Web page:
5 In modern times, the traditional image of slavery no longer applies. Rather, as demonstrated by R v Tang 1, slavery now takes place in the private domain where women find themselves forced into prostitution to pay off a debt that they did not originally agree to owe (or agreed to owe under the understanding that they would be employed in a form of employment not including prostitution). Threats to harm (including threats to harm family members in origin countries), sexual/physical/psychological violence, forced detention/restricted freedom of movement and the withholding of identity documents are used as very effective means to control and force someone to perform acts against their will. We submit that the definitions and understanding of slavery should be modernised to take into account that the shackles of slavery can be fabricated out of lies, deception, false contracts and a cunning manipulation of human desire to change the cards that life has been dealt. 2 In light of the insidious nature of modern slavery, the differences between causing someone to be enslaved and using a person who is enslaved are subtle and often intersect. It is the experience of our clients that being enslaved is not caused by one particular event or person. Rather, it is a series of behaviours and conduct of a range of people who use controlling and intimidating measures by which to exploit our clients for their own personal gain. It is our submission therefore, that if the accused is found to be profiting from someone who is enslaved (pursuant to modernised definitions of slavery), then this has contributed to that person being enslaved and should be dealt with accordingly. Should section 270.3(1)(a) of the Criminal Code (Cth) be redrafted so as to make each sub-paragraph a distinct type of conduct thus avoiding any suggestion that a defendant does not know what is alleged against them? The offences outlined in s270.2 clearly distinguish the different types of conduct constituting trafficking under that section. Section essentially provides for situations where s270.2 conduct is committed with aggravating features. We believe that amending section s270.3(1)(a) to insert subparagraphs relating to distinct type of s270.2 conduct would clarify the specific type of offence that is alleged against the accused. This would appropriately assist the accused in defending his or her case, and would not detrimentally affect the prosecution, as it does not alter the substance of that section. 1 2 R v Tang [2008] HCA 39 Dr. Anne Gallagher, a question of bondage The Age 15 May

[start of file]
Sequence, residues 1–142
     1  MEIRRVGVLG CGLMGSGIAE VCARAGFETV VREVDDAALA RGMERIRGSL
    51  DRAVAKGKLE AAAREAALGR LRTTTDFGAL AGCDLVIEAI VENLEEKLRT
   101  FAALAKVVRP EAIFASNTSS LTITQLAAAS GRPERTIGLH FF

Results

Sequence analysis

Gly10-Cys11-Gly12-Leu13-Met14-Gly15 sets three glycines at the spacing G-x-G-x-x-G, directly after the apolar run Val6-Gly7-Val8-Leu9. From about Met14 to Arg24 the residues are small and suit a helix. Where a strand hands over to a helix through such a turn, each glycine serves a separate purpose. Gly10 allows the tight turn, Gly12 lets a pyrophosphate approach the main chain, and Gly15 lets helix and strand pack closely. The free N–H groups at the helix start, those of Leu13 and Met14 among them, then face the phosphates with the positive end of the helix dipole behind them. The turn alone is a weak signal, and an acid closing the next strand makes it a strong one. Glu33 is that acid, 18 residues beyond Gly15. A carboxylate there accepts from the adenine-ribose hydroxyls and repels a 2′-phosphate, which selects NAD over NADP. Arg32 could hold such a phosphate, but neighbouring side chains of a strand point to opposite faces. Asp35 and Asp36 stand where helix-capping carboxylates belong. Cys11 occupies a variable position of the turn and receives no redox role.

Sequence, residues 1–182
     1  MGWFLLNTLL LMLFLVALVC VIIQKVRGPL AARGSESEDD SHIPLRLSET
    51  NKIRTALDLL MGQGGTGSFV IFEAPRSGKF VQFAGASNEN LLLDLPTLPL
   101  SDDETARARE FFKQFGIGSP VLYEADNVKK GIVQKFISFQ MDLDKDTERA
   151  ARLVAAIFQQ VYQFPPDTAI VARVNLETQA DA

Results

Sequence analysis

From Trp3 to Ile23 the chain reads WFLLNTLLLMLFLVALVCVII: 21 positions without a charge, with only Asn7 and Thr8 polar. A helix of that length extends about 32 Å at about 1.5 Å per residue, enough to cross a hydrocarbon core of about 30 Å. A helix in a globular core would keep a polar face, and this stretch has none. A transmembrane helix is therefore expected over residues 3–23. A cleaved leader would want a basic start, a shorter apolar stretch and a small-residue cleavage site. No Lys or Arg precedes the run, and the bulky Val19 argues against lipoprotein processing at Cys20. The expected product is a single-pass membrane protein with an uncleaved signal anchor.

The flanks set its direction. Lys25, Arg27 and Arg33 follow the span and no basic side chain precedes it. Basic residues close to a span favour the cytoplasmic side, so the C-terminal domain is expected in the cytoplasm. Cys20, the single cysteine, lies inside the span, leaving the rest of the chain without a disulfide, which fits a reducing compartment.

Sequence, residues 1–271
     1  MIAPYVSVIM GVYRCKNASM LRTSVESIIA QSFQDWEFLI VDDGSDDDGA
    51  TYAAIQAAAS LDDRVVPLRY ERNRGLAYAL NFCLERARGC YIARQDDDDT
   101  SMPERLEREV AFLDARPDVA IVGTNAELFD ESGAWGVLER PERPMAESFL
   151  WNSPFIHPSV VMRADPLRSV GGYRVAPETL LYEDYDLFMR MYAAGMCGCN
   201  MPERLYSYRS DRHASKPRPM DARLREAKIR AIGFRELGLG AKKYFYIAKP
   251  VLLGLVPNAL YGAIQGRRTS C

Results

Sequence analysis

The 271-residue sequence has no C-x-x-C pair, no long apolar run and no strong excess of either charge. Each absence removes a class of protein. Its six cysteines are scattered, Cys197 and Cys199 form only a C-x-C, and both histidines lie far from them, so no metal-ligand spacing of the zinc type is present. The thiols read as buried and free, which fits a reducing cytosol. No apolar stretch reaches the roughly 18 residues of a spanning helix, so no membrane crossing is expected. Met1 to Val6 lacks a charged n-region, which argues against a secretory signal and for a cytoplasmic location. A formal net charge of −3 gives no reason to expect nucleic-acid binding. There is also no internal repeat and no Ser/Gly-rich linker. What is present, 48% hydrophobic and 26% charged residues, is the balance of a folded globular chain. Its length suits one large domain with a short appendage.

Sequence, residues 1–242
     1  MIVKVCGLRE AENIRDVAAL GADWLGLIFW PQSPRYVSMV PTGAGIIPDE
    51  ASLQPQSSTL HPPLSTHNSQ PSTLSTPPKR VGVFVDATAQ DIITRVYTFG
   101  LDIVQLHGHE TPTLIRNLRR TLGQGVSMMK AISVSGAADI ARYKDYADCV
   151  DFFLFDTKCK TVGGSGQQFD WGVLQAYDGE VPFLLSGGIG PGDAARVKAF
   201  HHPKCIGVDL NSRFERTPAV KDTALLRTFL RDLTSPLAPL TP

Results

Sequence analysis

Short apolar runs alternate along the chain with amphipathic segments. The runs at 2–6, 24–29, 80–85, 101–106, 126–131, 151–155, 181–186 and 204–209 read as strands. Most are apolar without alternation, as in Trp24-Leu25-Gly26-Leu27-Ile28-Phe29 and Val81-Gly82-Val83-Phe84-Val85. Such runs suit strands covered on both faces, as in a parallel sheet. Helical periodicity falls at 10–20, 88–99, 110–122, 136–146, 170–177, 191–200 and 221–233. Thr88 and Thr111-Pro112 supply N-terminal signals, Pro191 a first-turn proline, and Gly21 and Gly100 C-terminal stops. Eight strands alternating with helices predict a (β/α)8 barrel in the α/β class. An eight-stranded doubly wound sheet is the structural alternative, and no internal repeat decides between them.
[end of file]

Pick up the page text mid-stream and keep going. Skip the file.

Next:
6 How do existing criminal law provisions capture the elements of coercion and exploitation? Is there a need for this to be revisited? The current provisions capture the elements of coercion and exploitation through the concepts of threats and deception. Whilst threat and deception are both defined broadly by the legislation, it does not necessarily capture the complex relationships, especially power relations, that are formed between victims and their traffickers, owners and minders. The UN Trafficking Protocol s definitions of exploitation and coercion are more broadly defined, and include abuse of power, and abuse of the vulnerability of another person. In our view, the Protocol s definition more adequately reflects the complex nature of coercion, power and control, in the context of trafficking for the purpose of sexual servitude and should be adopted by the Australian Government. 6. REPARATION FOR VICTIMS OF PEOPLE TRAFFICKING Does section 21B of the Crimes Act 1914 (Cth) adequately provide for reparation orders to be made for victims of people trafficking? If no, what measures could be introduced to permit greater access to reparation orders by victims of people trafficking The physical, psychological and social impacts of being trafficked can be immense and span over a number of years. We refer to the recent Victorian Parliamentary Inquiry Drugs and Crime Prevention Committee Inquiry Into People Trafficking for Sex Work report 3 which details the impacts and effects of sex trafficking on women. This includes living in fear, detrimental impacts on a trafficked person s health and well-being, Post Traumatic Stress, occupational hazards, stigmatization, isolation, social exclusion, marginalisation and legal insecurity. We acknowledge that it can be difficult to prove that the above effects are a direct cause of being trafficked, as these impacts may not be felt for some time after the experience of being trafficked. Also, it is difficult to measure the financial loss incurred from the above effects. Furthermore, it is our experience that trafficked women are unlikely to seek reparation orders pursuant to section 21B for fear of repercussions (to themselves or their family) from people within the wider human trafficking network. We have found that trafficked women are more likely to seek assistance via the Victims of Crime Assistance or compensation schemes available at State 3 Inquiry into People Trafficking for Sex Work Drugs and Crime Prevention Committee (Victoria) June